Northwestern Medicine scientists have demonstrated that the loss of a protein called Bim in macrophages — a type of immune cell — leads to the development of lupus-like disease in mice. The findings, published in the Journal of Experimental Medicine, suggest that Bim may be a novel therapeutic target for lupus in humans.
Harris Perlman, PhD, chief of Rheumatology in the Department of Medicine, and Carla M. Cuda, PhD, research assistant professor of Medicine in the Division of Rheumatology, were co-senior authors of the study.
“Our study is the first to suggest an essential role for Bim in monocytes and macrophages in the development of lupus-like disease in mice,” Perlman said. “The idea now is to parlay that into patient material.”
Systemic lupus erythematosus, commonly called lupus, is a chronic inflammatory disorder in which the immune system mistakenly attacks its own healthy tissue, including internal organs. The cause of lupus is unknown.
A prevailing theory is that the systemic autoimmunity seen in lupus is induced by abnormalities in apoptosis — the process of programmed cell death — as well as in the clearance of these apoptotic cells.
The protein Bim, which is expressed in immune cells, is highly involved in the cell death pathway. Previous studies have demonstrated that mice lacking the gene for Bim develop a lupus-like disease within 12 months.
But it was unclear which type of immune cell was most important to the development of lupus.
“The original dogma suggested that it’s your lymphocytes — your T- and B-cells,” explained Perlman, also the Mabel Greene Myers Professor of Medicine. “But therapies that have tried to target T- and B-cells cells have all failed. So, we suggested maybe it’s something else.”
In the current study, the scientists investigated inactivating Bim in a different population: macrophages and their precursors, monocytes. Macrophages are a type of immune cell in tissue that recognize and digest target cells, as well as produce inflammatory cytokines.
The scientists discovered that when the Bim gene was removed in monocytes and macrophages, the mice developed a lupus-like disease — unlike when the same gene was knocked out in T- or B-cells.
The findings suggest for the first time that Bim may be involved in a non-cell death pathway, and may play a role in controlling macrophage function — which could be targeted for novel treatments.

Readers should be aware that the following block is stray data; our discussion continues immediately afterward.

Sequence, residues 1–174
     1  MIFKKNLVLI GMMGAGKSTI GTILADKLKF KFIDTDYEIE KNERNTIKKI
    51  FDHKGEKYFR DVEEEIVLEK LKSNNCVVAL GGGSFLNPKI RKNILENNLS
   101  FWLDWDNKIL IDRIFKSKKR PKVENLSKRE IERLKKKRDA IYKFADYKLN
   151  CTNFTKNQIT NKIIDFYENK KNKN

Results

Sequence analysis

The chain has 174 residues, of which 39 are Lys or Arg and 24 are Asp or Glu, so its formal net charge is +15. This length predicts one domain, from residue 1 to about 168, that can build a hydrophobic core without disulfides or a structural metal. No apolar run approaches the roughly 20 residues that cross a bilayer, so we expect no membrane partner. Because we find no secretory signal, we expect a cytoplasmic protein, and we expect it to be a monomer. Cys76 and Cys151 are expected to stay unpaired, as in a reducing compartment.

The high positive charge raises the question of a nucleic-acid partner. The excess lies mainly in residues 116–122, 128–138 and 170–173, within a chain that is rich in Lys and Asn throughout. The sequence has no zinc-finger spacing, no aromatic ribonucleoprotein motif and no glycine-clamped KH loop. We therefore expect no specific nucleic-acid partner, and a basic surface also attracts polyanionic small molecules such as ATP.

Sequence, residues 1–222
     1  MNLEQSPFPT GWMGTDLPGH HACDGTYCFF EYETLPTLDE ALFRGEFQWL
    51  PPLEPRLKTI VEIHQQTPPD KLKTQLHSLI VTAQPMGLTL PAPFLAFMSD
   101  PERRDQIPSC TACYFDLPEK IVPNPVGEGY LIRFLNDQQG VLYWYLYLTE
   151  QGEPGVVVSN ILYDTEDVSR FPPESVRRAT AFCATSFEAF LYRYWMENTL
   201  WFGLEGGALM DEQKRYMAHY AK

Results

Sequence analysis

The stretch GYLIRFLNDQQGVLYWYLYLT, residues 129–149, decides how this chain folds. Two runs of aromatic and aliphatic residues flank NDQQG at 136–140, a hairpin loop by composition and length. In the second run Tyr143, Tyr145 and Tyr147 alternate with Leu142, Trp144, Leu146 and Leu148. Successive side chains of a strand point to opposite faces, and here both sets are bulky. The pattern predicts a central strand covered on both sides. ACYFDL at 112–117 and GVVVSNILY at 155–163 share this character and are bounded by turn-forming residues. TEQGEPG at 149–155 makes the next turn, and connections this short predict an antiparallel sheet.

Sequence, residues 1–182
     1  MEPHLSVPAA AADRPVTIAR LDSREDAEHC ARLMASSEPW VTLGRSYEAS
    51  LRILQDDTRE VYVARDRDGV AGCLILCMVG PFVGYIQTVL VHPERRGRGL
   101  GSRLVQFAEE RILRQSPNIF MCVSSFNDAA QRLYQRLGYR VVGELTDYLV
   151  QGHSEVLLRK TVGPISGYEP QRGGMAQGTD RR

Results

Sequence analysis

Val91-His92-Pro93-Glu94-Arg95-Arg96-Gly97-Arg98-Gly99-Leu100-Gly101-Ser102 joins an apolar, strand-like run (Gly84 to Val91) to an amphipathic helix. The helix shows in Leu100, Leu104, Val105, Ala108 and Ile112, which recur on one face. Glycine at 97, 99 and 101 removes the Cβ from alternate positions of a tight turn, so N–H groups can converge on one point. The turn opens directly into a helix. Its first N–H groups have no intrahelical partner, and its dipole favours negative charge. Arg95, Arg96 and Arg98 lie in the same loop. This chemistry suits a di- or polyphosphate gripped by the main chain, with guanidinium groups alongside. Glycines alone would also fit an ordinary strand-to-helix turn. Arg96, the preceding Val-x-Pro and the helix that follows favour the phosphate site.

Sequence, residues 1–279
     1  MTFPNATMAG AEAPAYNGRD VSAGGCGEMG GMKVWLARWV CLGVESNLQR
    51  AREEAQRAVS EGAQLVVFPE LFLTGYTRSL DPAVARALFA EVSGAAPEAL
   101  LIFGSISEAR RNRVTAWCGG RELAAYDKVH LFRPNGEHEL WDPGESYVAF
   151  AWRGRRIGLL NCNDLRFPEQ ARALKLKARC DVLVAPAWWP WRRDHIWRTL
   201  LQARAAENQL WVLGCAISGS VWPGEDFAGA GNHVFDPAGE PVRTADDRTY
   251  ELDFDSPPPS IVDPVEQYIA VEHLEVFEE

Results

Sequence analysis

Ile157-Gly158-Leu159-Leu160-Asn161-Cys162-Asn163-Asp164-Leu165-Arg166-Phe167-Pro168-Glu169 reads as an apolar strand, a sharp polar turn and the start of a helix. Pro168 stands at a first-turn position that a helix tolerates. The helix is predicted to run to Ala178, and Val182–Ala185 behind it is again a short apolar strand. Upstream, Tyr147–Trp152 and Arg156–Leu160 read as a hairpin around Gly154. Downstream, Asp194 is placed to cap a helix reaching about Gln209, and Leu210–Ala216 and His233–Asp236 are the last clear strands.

The study also identified a gene signature indicative of lupus in kidney macrophages of mice. In future research, the team intends to investigate this same signature in humans. “The goal is to then determine if we can discover novel therapeutics that might be important for treating these patients,” said Perlman, also a member of the Robert H. Lurie Comprehensive Cancer Center of Northwestern University.
Among other future research directions, the team is also investigating if the same system is involved in neuropsychiatric lupus, a major comorbidity. “Lupus is extremely heterogeneous in terms of how many systems are affected and what symptoms patients present with,” Cuda explained. “So a major next step is to see how many other types of disease manifestations we can utilize this model for, in terms of understanding the impact of macrophage-specific Bim.”
Close collaborations with other Feinberg departments and divisions, including Nephrology and Pulmonary, will also help to further discovery in this area moving forward, Cuda and Perlman noted.
FuNien Tsai, PhD, a recent graduate of the Driskill Graduate Program in Life Sciences, was the first author of the paper. Other Feinberg co-authors include Scott Budinger, MD, chief of Pulmonary and Critical Care in the Department of Medicine, Christian Stehlik, PhD, the John P. Gallagher Research Professor of Rheumatology, Alexander Misharin, MD, PhD, assistant professor of Medicine in the Division of Pulmonary and Critical Care, Deborah Winter, PhD, assistant professor of Medicine in the Division of Rheumatology, Andrea Dorfleutner, PhD, research associate professor of Medicine in the Division of Rheumatology, and Hiam Abdala-Valencia, PhD, research assistant professor of Medicine in the Division of Rheumatology.
The study was supported by the American Heart Association grant PRE21410010, the National Institutes of Health grants K01AR064313, HL108795, AR050250, AR054796, AR064546 and AI092490, the United States-Israel Binational Science Foundation grant 2013247, the Rheumatology Research Foundation grant Agmt 05/06/14, and the Mabel Green Myers Chair of Medicine. Flow Cytometry Cell Sorting was performed on a BD FACSAria SORP system, which was purchased through the support of the National Institutes of Health grant 1S10OD011996-01. Flow cytometry and histology services were provided by the Northwestern University Lurie Cancer Center Flow Cytometry facility and Mouse Histology and Phenotyping Laboratory, which are supported by the National Cancer Institute grant P30-CA060553 awarded to the Robert H. Lurie Comprehensive Cancer Center.